The back 40 provides a few other wonderful things for us. Wild mushrooms. Beneficial herbs and plants. If you know where to  look and what you’re looking at.

The freezer is often supplemented with wild game, too. Whatever is in season at the time. The dogs enjoy the bones and organ meats, and we have a great variety of excellent nutrition for the whole year.  You should try my venison stroganoff!

We’ve brought in lambs to ‘finish’ before processing before. We have enough space to add a steer for beef, a hog or two for pork and even a couple of goats for milk , weed control and meat.  Our long terms plans involve getting the right knowledge base for care of these animals and structures and shelters to support and contain them first.  No cart before the horse here. These are not decisions we enter into lightly.

drizzle
“drizzle”, a temporary resident at the homestead.

We’ve established barters between some like minded folks; trading one another what we have for what we don’t.  Sharing tips and tricks along the way.  I love where I live!

We already have rain barrels and gravity fed systems for some of the animals so they always have a steady supply of drinking water. Add a few solar panels across the roof and my stock tank fish ponds and we’re good to go.

So I guess my friend is right.  And I admit it- I do own and know how to use that sewing machine. Being able care for yourself and your family with hands on skills for planting, harvesting, hunting, processing, and what used to be called the “housewifely arts” before the advent of political correctness, is fast becoming extinct.  If this entire system of instant gratification fell apart tomorrow, if the stores were all closed or empty, would you be able to feed your family?  Mend clothes? Care for an illness or injury?   We can.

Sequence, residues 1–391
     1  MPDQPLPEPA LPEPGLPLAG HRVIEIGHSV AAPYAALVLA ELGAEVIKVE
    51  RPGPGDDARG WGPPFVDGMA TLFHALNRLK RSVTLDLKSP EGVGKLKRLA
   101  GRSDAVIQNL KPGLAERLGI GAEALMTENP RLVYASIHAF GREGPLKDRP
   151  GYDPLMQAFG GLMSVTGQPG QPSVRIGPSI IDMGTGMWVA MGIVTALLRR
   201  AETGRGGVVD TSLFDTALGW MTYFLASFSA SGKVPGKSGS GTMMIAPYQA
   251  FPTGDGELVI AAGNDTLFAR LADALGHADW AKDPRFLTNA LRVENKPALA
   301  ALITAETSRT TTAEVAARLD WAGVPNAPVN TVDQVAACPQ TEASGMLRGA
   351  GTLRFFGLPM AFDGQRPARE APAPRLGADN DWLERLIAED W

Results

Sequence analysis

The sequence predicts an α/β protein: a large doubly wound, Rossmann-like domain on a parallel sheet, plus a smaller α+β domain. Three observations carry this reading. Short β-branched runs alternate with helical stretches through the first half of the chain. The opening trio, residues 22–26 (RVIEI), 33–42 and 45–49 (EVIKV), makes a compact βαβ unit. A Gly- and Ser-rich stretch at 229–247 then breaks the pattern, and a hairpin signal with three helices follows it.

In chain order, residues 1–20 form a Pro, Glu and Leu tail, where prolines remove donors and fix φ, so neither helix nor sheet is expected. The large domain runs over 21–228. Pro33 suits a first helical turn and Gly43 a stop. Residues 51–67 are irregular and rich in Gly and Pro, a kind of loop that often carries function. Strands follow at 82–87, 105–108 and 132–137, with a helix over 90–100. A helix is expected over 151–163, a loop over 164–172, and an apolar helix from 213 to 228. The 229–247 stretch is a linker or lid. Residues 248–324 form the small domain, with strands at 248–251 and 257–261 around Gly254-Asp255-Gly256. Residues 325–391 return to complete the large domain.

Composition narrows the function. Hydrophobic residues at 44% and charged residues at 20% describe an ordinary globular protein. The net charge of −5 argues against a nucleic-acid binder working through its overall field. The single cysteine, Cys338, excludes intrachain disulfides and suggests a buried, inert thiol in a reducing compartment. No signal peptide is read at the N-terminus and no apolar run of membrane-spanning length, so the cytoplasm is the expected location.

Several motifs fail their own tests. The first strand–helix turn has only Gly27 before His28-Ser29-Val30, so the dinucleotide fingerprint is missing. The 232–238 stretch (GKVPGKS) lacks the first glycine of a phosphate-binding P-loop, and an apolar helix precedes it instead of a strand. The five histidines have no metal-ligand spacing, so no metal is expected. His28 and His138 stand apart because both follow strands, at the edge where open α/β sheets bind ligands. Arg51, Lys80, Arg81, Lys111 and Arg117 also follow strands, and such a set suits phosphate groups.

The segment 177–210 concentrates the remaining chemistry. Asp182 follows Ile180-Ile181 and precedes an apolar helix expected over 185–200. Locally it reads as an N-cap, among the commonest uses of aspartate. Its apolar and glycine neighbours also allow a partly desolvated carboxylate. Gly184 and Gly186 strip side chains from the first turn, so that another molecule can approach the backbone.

Want to learn? Start small. Try a garden with your kids to show them where food comes from and maybe even try eating things they may ordinarily turn down.  Its different when they can say “I did this!”.Turn the computers off and go outside. play a game with your children of naming the tree and plant species you see. Extra points if the know a fun fact about them.  Get back in touch with life- open a window, a real window, not an electronic one!  Take your shoes off.  Dig your hands in a rich pile of garden soil.  Slow down and get back in touch with the world.   You’ll be glad you did 🙂

 

Advertisements

Leave a Reply

Please log in using one of these methods to post your comment:

WordPress.com Logo

You are commenting using your WordPress.com account. Log Out / Change )

Twitter picture

You are commenting using your Twitter account. Log Out / Change )

Facebook photo

You are commenting using your Facebook account. Log Out / Change )

Google+ photo

You are commenting using your Google+ account. Log Out / Change )

Connecting to %s